Interview With Rodney Whittenberg (2008)
For those of you who don't know, Rodney Whittenberg is the composer of Return To Sleepaway Camp. His experience and skills promise to bring the musical composition of Angela's mayhem to new levels. In this exclusive interview, Rodney discusses his work on the film and shares 2 cues from the film in mp3 form!
Sleepaway Camp Films: What sort of instruments/equipment did you use for scoring Return To Sleepaway Camp?
Rodney Whittenberg: After meeting with director of the film he asked for the impossible and that was a Bernard Herrmann score, none of the John Carpenter synth crap (not my opinion). But how to do that with the budget we had? So I was trying some things. Obviously I have to use some synth. But how to capture the feel and the live attitude of a real orchestra as well as pick up on the humor and camp in the film? So I thought what would John Cage do or Edgar Varese do. I thought prepared piano and percussion. I live in a 200 year old farm house and I converted a room to a small sound stage. I can record real instruments and watch the film. Just like they do in Hollywood. I also play or play at a number of different instruments. So the instrumentation is cello, prepared piano using guitar picks and mallets and drum sticks and anything else I can get my hands on to alter the way the piano sounds. The main sting is a note cluster on the piano that I play backwards. I used cello, percussion backward and bowed cymbals and brass section. The score is so much like a score from a horror film in the 70's, it sounds very live and organic. I really love the way it sounds.
SCF: What are your feelings of traditional instruments vs synthesizers?
Rodney: I am a oddball musician. I love anything that makes sound, noise, tone, so I don't make any distinction between real instruments and synthesizers. They are both great. It depends on what you're doing with it. When making a table, one made with a hand saw and a hammer and glue or one made with a table saw and electric saw nail gun, most people will say the first on is better and that leaves out the person using the tools. It would not matter what I used to make a table, I am not a craftsman. And it doesn't matter to me how the music was made, my question is does it work.
SCF: When scoring Return, did you listen to the original Sleepaway Camp film's score by Edward Bilous and incorporate any of that, or did you just do your own thing?
Rodney: No, I did not look at the original score. I looked at the film and looked for an interesting way to go.
Rodney's room where Return To Sleepaway Camp scoring was performed & recorded
SCF: Looking down your resume, Return appears to be your first score for a horror movie, or first fully credited one at least. With a background in diverse drama, how did you approach the decidedly darker tone of this type of film?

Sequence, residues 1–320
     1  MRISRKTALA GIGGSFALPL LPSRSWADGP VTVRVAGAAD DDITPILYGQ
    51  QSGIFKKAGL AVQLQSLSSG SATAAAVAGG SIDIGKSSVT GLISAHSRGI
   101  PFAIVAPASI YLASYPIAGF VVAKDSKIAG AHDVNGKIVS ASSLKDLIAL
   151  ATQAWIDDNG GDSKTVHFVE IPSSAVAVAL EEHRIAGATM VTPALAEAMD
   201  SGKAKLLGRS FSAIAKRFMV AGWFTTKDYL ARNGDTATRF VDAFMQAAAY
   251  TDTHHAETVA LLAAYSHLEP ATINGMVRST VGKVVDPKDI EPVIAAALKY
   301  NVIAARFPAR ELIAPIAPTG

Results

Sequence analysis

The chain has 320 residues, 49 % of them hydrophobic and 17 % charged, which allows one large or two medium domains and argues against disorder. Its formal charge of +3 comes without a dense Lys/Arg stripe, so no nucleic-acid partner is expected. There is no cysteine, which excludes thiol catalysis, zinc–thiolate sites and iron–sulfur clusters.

Rodney: I actually have done so many horror films. There's a really low budget hip hop horror comedy called Creepin and the cult film Infested written and directed by Academy Award nominee Josh Olson (the writer of A History Of Violence). The score for Infested was so much fun. Josh and I have been friends for years and to work with my friend was great plus, so much freedom. There's a wink to John Carpenter in the score as well as The Goblins and 70's and 80's horror films. There have been a number of shorts, and I also write for dance,
and I wrote a score for a dance piece about a vampire. I love music and and I love film whether it's a compelling and serious documentary, or if it a horror film. It's all examining the human condition.
SCF: Also, were you able to use your background in drama/documentaries to class up some of the non-horror scenes in the film?
Rodney: I don't know about classing it up but I do draw on my love of all types of music and really all types, from Tovan throat singing to Japanese Reggae and 20th century classical music to punk rock, and its 60's big brother garage bands like MC5 and the Sonics.
SCF: Has the lengthy post-production process allowed you any opportunities to go back and tinker with the score?
Rodney: Yeah, it gave me time to play and tweak the score.
SCF: What have you been up to since completing work on Return?
Rodney: Since Sleepaway Camp I have been working on a lot of film and TV projects. I worked with the classical trio Time For Three on a History Channel score, a number of docs, travelling film festivals as well as a science exhibit for the Franklin Institute. I am slated to work with my friend Josh again on the score to Until Gwen and another urban horror film called Nice Town and too many other projects.
SCF: I understand they intend on bringing you back for a next chapter, Sleepaway Camp Reunion?
Rodney: Yeah in 3D, I can't wait for Sleepaway Camp in 3D.
Hope you enjoyed the above! You can find more about Rodney and his music by visiting his website below.